- Feline viral rhinotracheitis and feline calicivirus (FHV-1 and FCV, which cause upper respiratory diseases): Highly recommended for all cats. A booster should be administered one year after the first vaccination, then once every three years-although again, the currently available vaccines are only approved for annual use. Research so far indicates that vaccine protection lasts at least three years. However, vaccines can only induce an immune response that lessens the severity of the disease-they do not offer complete immunity. In addition, the FCV vaccines that are currently available probably do not induce protection from all forms of the virus.
- Rabies: Highly recommended for all cats. Manufacturers are required by the USDA to establish a minimum duration of immunity for rabies vaccines, and there are products available that are labeled for use every year and others that are labeled for use every three years. The frequency and type of rabies vaccination your veterinarian may administer is often governed by state and local laws.
- Feline leukemia virus (FeLV): "The decision to vaccinate an individual cat against FeLV infection should be based on the cat's age and its risk of exposure," says the report. Vaccination is recommended for cats at risk, such as those allowed to roam outdoors and those living in shelters, in households with many cats or where new cats are introduced frequently. However, it is not recommended for cats who have little or no risk of being exposed to other infected cats. FeLV vaccines also do not induce protection against the disease in all cats, so preventing exposure to infected cats is still the best way to prevent FeLV. If vaccination is deemed appropriate, annual revaccination is recommended.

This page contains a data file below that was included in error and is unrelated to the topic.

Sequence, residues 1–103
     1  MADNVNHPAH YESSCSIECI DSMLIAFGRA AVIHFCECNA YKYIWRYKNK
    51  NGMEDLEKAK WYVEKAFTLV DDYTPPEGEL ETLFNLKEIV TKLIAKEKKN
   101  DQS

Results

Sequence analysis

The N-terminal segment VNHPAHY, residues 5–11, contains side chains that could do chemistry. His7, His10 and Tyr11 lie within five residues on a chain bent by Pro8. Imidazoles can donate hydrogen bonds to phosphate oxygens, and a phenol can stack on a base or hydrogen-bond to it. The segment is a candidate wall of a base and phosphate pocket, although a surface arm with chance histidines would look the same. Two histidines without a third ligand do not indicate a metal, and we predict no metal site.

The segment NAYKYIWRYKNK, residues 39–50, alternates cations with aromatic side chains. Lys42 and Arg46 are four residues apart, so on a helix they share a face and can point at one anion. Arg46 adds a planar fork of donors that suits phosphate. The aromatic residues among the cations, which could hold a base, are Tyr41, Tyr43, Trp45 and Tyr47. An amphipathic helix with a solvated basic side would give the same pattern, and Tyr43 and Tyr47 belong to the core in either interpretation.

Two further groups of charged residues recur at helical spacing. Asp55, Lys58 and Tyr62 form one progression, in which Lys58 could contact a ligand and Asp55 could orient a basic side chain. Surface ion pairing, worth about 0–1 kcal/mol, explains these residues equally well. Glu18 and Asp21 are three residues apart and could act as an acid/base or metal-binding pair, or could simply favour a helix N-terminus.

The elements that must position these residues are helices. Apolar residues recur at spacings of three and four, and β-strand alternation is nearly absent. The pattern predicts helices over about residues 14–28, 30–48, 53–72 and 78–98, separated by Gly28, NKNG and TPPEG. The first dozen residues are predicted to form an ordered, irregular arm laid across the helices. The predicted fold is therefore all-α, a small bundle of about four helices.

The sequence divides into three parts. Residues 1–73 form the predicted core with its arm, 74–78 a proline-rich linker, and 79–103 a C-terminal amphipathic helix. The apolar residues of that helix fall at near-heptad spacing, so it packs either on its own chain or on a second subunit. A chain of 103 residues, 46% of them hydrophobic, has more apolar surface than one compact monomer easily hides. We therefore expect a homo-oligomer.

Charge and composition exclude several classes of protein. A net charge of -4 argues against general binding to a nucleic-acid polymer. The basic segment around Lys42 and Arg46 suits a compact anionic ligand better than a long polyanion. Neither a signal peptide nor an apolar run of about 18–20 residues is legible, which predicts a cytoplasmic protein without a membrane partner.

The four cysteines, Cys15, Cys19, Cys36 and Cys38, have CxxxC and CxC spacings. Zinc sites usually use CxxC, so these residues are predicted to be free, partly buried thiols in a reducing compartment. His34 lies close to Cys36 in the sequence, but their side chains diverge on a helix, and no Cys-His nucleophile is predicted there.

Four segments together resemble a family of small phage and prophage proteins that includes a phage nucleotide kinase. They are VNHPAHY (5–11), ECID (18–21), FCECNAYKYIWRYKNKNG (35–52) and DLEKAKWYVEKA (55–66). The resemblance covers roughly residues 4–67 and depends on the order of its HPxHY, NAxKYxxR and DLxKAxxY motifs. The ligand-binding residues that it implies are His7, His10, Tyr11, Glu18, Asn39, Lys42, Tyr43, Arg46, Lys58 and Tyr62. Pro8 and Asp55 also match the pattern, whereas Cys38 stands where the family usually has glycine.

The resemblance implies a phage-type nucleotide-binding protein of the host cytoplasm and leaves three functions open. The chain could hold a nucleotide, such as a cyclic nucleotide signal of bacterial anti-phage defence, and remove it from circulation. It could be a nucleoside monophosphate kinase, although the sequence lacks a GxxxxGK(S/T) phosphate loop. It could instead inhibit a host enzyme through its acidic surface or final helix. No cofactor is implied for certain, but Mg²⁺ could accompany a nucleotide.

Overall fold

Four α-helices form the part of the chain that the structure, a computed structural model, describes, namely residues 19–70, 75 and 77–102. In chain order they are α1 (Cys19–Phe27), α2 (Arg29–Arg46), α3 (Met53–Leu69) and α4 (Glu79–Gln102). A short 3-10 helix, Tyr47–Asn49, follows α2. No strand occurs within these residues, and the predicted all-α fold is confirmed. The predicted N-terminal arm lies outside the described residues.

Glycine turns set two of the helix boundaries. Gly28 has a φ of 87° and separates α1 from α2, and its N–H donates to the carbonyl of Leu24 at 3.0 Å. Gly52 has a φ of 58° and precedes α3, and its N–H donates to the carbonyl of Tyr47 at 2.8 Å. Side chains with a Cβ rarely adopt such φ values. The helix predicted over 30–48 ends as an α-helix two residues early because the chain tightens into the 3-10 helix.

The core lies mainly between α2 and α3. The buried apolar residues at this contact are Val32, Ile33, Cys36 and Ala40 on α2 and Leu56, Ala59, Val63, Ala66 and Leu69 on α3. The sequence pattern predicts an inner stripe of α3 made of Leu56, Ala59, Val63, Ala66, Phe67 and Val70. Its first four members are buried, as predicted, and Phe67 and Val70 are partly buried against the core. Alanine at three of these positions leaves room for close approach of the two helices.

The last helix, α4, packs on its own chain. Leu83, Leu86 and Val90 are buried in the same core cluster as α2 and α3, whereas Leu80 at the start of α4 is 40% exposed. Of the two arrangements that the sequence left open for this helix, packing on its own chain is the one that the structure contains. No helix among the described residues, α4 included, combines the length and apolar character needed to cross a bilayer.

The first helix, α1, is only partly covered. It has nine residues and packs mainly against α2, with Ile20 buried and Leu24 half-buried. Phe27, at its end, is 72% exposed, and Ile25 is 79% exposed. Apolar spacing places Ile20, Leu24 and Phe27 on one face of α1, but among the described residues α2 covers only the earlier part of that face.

- Feline infectious peritonitis (FIP): There is still a lot of controversy about whether the vaccine that is currently available actually provides protection from this disease. Since the vaccine has not yet been proven beneficial, it is not recommended.
- Chlamydiosis: Because this upper respiratory disease is not severe and most cats can be treated, and because the adverse events associated with the use of the vaccine are relatively high, routine vaccination is not recommended.
- Dermatophytosis (also known as ringworm, although it is a fungal skin infection): Vaccination has not been demonstrated to prevent infection or to eliminate the disease-causing organisms from infected cats, so routine vaccination is not recommended. It is used primarily to help treat difficult cases.
- Bordetella bronchiseptica (another respiratory infection): The efficacy of this vaccine has not been independently evaluated, and how often to revaccinate has not yet been determined. Routine vaccination is not recommended, but it is reasonable to consider vaccinating cats in environments where the infection is present.
- Giardiasis (an intestinal parasite): Routine vaccination is not recommended. However, infected cats who were vaccinated had less severe signs of the disease and were contagious for a shorter period of time, so vaccination may be considered where there has been significant exposure to the protozoan that causes the disease.
Report of the American Association of Feline Practitioners and the Academy of Feline Medicine Advisory Panel on Feline Vaccinations